At the tender age of 25, Ebow Dadzie is already destined for sweet success. He’s been named pastry chef of the year at the 18th Annual U.S. Pastry Competition (after taking third place the previous year). He’s a pastry chef at Manhattan’s Grand Hyatt Hotel; owns Everlasting Impressions, a successful catering company; and co-owns Folukie, a new Bed-Stuy boîte that serves Senegalese, West Indian, French, Trinidadian and American dishes. And he’s in the 2006 Guinness World Records for building the world’s tallest sugar skyscraper, a 17.5-feet-tall replica of—what else?—the Empire State Building.
This Brooklyn-born wonder wasn’t always destined to be a pastry chef. “I was into computers,” says chef Ebow. But an internship that placed him in front of a terminal all day was terminally boring for the high-energy Ebow, and the tech world’s loss proved to be the pastry world’s gain. Studying at the New York City College of Technology, nestled on Jay Street, Ebow found his calling in the confectionary arts. “Once I realized what you could do with chocolate and sugar and how fun it was,” he laughs, “I was hooked.”
The Flatbush-native’s ascent to notoriety has been as dazzling as his showpieces. In addition to his studies at City Tech, Ebow did a few stages in France during his senior year. “Those guys are serious! They beat me up, pretty much.” After graduation, he worked his way up the brigade to land his current gig at the Grand Hyatt, where he makes desserts and, naturally, showpieces for banquets and other fancy functions. “They let me do and try so much there,” he says. His tenure at the Hyatt has whet his appetite for competition. “I assisted the executive pastry chef in a few competitions and then I said, ‘Okay, now it’s my turn.’”
For his most recent and prestigious win, Ebow practiced relentlessly. He traveled to Ghana, his father’s homeland and one of the world’s largest chocolate producers, and found inspiration in the country’s rain forest, sculpting a four-foot-tall tropical tree in chocolate with painstaking detail. He used sugar to craft startlingly lifelike reproductions of the forest’s lush flora and fauna, including a dragonfly, an iguana, a leopard and a toucan. “I changed the cake about eight times. I had almost 20 people taste it. I even had kids taste it, too, because kids’ palates are different than ours. They pick up things we can’t.” The result was a mélange of vanilla mousse, bitter chocolate mousse, raspberry passion fruit geleé, almond sables, raspberry caramel glaze, and lemon-vanilla macaroons. “I put a lot of heart into that cake and I knew going in it was going to be hard to beat me,” he remembers. He won best showpiece and best cake.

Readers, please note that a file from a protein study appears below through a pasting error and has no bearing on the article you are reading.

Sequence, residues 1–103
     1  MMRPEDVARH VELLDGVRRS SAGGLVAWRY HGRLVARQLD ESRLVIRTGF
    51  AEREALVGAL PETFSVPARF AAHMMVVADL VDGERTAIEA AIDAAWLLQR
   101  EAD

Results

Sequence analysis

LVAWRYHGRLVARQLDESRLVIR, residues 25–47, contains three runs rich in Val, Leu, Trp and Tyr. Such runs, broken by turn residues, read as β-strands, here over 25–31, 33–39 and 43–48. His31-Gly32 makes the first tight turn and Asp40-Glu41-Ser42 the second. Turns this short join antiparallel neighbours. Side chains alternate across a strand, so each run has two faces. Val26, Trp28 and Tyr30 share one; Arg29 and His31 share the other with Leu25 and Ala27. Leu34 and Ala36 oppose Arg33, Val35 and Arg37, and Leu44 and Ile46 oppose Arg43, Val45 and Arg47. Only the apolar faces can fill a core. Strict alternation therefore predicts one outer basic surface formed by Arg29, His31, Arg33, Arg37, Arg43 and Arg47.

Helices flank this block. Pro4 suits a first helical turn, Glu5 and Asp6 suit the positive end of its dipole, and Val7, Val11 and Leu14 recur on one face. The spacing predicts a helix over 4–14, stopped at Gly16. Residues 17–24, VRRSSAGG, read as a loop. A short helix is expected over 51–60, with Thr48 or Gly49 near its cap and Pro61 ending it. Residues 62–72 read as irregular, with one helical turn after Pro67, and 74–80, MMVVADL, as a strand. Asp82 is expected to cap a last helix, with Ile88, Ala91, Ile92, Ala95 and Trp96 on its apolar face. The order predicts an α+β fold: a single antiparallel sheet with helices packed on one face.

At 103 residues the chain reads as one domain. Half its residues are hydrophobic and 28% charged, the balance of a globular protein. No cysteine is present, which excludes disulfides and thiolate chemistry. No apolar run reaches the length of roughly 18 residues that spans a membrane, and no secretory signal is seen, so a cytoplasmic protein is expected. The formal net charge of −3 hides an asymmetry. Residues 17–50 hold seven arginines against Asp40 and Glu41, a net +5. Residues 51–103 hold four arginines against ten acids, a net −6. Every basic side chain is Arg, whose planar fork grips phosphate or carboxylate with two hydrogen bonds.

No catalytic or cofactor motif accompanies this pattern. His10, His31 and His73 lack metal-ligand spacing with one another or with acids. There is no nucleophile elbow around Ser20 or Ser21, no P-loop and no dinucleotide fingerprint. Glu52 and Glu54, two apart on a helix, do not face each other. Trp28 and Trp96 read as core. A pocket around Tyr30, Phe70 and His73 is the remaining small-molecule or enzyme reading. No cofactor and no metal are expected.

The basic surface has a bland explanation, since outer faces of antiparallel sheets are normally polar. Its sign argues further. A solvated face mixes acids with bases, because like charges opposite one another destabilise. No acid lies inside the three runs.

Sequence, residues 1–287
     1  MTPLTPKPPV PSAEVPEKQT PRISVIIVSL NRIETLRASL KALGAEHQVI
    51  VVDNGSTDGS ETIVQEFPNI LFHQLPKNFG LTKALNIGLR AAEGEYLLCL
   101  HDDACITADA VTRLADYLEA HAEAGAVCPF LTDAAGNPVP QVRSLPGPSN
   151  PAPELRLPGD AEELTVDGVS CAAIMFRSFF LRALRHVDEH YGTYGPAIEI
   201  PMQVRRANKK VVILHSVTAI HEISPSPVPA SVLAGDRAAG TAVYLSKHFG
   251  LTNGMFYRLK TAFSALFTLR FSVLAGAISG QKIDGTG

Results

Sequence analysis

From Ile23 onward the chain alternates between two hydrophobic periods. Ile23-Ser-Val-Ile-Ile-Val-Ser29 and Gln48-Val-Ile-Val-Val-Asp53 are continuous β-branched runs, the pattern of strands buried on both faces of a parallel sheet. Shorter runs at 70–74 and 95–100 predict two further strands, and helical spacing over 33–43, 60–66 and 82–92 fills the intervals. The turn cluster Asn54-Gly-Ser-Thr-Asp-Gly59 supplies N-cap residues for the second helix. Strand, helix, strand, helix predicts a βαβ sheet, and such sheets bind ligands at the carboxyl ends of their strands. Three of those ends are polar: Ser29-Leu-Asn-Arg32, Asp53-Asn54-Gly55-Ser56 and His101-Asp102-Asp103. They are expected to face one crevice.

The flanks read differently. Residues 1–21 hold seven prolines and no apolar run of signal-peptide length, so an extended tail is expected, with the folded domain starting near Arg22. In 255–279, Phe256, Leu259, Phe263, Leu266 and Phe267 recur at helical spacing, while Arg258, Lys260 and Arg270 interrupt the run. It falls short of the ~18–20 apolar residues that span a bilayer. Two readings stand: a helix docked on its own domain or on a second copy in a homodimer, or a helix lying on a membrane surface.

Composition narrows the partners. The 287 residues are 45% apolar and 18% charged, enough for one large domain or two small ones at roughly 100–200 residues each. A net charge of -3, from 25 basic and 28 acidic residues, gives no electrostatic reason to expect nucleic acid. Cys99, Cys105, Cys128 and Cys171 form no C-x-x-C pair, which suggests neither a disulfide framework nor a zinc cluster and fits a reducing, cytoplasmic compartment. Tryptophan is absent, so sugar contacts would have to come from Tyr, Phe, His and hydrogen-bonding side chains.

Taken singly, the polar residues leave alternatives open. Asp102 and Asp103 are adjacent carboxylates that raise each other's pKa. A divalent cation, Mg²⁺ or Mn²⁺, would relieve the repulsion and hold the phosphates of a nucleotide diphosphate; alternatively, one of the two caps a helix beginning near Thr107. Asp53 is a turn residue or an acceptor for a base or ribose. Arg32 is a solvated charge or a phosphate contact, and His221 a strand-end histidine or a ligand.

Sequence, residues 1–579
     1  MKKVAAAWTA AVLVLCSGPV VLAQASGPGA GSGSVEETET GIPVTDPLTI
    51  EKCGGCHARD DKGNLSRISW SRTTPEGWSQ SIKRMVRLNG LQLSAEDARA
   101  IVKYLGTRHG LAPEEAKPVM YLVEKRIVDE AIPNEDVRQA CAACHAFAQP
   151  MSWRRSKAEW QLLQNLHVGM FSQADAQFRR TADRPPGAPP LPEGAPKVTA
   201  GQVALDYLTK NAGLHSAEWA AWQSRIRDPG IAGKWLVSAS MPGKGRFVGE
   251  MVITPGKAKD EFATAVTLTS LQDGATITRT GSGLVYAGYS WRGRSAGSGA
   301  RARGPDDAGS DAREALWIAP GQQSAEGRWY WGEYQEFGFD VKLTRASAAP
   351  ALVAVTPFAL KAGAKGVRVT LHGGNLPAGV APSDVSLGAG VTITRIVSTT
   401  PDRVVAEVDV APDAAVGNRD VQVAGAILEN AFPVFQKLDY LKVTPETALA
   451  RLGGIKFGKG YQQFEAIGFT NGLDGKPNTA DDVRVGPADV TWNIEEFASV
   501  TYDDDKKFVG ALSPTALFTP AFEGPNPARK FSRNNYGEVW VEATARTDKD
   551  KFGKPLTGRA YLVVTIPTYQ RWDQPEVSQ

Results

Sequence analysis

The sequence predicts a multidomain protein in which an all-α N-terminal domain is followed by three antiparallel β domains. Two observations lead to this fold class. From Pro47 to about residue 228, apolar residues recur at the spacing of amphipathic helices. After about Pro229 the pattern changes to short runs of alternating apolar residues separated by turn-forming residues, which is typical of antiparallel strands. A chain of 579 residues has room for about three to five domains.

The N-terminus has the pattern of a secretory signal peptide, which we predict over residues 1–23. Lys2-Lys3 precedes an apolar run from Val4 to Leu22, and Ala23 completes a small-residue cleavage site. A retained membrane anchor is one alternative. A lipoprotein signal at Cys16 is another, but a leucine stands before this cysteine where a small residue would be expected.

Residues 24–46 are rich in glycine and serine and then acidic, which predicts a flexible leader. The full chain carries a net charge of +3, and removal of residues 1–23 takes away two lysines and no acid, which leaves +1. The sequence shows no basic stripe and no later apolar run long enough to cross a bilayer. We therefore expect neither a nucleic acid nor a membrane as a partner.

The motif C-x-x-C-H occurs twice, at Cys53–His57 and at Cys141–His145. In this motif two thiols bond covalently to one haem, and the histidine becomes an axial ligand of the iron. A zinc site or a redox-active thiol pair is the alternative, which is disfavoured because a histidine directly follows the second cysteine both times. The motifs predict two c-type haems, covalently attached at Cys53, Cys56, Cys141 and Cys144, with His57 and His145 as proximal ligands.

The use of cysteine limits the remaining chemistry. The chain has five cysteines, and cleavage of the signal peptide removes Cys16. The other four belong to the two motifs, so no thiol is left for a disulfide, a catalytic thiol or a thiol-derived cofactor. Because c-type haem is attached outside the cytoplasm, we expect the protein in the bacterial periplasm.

Now living in Bensonhurst, Ebow’s aspirations are as limitless as his imagination—he’s set his sights on the 2009 National Pastry Team Championship. Teaching is also on the menu. His uncle has offered to help him open a confectionary school in Ghana. He muses, “Some chefs don’t want to share their knowledge, but what good is it to die with that wisdom? I want to teach and give back.”
Big E, as friends call him, continues to create exotic beverages and down-home desserts that complement the richly perfumed Halal meats served at Folukie, a family affair of a restaurant, named for his aunt, who is also an owner. “We do cheesecake, banana bread pudding, peach cobbler.” There’s not much call for his more exotic desserts there…yet. “When they are ready for avocado ice cream, I’m ready to serve it!”